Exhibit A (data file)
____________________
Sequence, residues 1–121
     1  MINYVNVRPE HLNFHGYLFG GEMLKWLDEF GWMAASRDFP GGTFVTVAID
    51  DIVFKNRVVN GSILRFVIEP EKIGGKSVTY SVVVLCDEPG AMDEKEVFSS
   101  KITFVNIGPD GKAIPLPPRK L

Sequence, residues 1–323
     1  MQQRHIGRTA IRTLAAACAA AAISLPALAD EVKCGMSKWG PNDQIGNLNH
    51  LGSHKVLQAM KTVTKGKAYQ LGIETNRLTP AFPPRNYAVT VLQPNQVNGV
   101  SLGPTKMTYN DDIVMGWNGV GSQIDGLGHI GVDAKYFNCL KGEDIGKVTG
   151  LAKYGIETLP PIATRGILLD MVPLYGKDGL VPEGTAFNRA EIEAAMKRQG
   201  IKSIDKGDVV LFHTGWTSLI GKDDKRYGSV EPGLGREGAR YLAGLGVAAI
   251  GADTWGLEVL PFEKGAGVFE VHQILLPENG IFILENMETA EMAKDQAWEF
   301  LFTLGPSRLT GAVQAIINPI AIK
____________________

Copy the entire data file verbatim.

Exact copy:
Sequence, residues 1–121
     1  MINYVNVRPE HLNFHGYLFG GEMLKWLDEF GWMAASRDFP GGTFVTVAID
    51  DIVFKNRVVN GSILRFVIEP EKIGGKSVTY SVVVLCDEPG AMDEKEVFSS
   101  KITFVNIGPD GKAIPLPPRK L

Sequence, residues 1–323
     1  MQQRHIGRTA IRTLAAACAA AAISLPALAD EVKCGMSKWG PNDQIGNLNH
    51  LGSHKVLQAM KTVTKGKAYQ LGIETNRLTP AFPPRNYAVT VLQPNQVNGV
   101  SLGPTKMTYN DDIVMGWNGV GSQIDGLGHI GVDAKYFNCL KGEDIGKVTG
   151  LAKYGIETLP PIATRGILLD MVPLYGKDGL VPEGTAFNRA EIEAAMKRQG
   201  IKSIDKGDVV LFHTGWTSLI GKDDKRYGSV EPGLGREGAR YLAGLGVAAI
   251  GADTWGLEVL PFEKGAGVFE VHQILLPENG IFILENMETA EMAKDQAWEF
   301  LFTLGPSRLT GAVQAIINPI AIK